Poll (or “pole”) weapons come in a variety of lethal configurations, but most of them consist of at least one bladed edge affixed to a long pole (although many also contain one or more spikes as well). Whereas swords were worn even during peacetime, and arrows were used for hunting, poll weapons were used solely on the battlefield and had no other purpose except to maim and kill—which they did horrifyingly well. Many of the gruesome injuries that are seen in medieval skulls come from these powerful weapons. In fact, the term “poll weapon” comes not from the pole that it was attached to, but from the fact that you were supposed to use it to strike your opponent on the head, or “poll.”

 4. Knives and daggers

knifeThese came in two forms: a single-edge knife and the double-edge dagger. Knives were typically used for practical purposes, such as eating meals, but daggers were commonly used as weapons. Both types were common among peasant criminals who were not allowed, by law, to own a sword–although the nobility also carried knives and daggers into battle where they might use them as a measure of last resort if they found themselves otherwise unarmed. After battles were over, however, these implements were frequently used to loot the corpses of the slain, cutting off armor, purses, and anything else of value.

5. Axes (short-handled)

BruceBattle-axes were popular in the early middle ages when primitive steel swords were too expensive even for many in the noble classes. Viking “berserkers” had a spine-tingling reputation for using axes to hack everyone—soldiers and innocent civilians alike—into bloody giblets. But even in the high middle ages, we see them used on battlefields as a back-up weapon for the nobility, or as a primary weapon for the conscripted peasant soldiers. Robert the Bruce famously struck Henry de Bohun at the Battle of Bannockburn with an ax—driving the blade through two iron helmets and the skull, before lodging it into the brain.

And rounding out the top ten:

6. Flails, ax handles, and other blunt objects
7. Pitchforks
8. Torches, Greek Fire, and other portable incendiary devices
9. Spears (this would have ranked #6, expect I had to factor in the Peasant’s Rebellion)
10. The Inquisition

Honorable Mention: War Horses. Heavy horse were often used to mow down opponents and break up enemy formations. However, while some people were undoubtedly killed by trampling, horses, by and large, only caused injuries, not direct death.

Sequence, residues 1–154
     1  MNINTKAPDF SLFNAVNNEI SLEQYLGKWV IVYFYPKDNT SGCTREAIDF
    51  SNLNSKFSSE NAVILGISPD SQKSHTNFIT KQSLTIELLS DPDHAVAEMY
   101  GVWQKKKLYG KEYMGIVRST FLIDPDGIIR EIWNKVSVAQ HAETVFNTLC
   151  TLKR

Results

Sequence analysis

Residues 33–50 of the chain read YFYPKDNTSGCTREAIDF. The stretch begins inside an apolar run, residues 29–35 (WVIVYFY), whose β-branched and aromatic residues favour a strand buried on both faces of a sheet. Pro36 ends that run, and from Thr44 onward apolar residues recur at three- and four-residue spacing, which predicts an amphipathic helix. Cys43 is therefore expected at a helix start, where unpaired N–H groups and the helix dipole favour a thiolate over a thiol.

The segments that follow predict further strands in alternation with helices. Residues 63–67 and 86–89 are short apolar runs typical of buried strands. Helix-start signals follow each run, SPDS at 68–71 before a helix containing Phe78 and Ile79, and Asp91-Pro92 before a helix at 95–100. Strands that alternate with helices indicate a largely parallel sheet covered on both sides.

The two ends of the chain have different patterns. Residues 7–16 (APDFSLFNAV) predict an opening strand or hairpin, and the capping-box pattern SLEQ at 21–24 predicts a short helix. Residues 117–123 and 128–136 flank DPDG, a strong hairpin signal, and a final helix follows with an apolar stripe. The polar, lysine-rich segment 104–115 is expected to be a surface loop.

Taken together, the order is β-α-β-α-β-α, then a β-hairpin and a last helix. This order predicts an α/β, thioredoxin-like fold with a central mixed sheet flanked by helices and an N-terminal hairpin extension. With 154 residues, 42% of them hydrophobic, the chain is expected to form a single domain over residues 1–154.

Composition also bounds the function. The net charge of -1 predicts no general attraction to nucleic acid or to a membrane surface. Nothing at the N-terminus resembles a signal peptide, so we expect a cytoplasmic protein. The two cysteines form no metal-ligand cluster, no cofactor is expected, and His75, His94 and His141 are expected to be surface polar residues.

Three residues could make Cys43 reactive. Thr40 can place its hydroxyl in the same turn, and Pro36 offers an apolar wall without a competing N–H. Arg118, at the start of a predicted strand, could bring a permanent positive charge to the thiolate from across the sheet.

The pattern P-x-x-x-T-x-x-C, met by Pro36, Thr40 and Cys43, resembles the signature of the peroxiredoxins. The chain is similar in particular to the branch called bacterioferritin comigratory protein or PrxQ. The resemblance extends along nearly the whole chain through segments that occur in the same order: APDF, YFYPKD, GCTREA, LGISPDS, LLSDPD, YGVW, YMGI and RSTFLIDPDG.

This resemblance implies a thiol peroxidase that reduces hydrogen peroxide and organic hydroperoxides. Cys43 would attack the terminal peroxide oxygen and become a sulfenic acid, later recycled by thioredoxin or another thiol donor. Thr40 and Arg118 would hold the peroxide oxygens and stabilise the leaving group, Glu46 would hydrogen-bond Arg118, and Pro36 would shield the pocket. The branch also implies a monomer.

The One True Century

Here is another picture of me with my new ruffled veil–this time with the proper dress and hairstyle. I’m absolutely loving it!

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And a quick alternate with the flat ram’s horns.

 

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Medieval Combat Society Ruffleception! This German figure is wearing two veils–one on top of the other–similar to mine, then she has a wimple that has a matching ruffle around the bottom edge. I kind of like it.

Head of a Noble Woman(You know, I just realized I have my medieval face on: hooded eyes, pasted-on smile.)

 

Star-Spangled Fourth

In honor of the Fourth of July, I thought I would spend a little quality time with our national anthem, The Star-Spangled Banner. Because it began life as a poem, and because of the time in which it was written, it can be almost as hard to understand as it is to sing. So let me set the mood a bit, then break it down so it can really be appreciated.


 

Imagine you are on a boat near the coastline, just as the sun is rising. Beginning the day before, and continuing all night, the British navy has shelled Fort McHenry, which guards the entrance into Baltimore’s harbor.

Washington BurnsThe British have already sacked Washington D.C. and set it ablaze. The First Lady, Dolly Madison, just barely managed to cram the presidential portraits—including that of George Washington—into her carriage and flee before the British arrived to destroy the White House.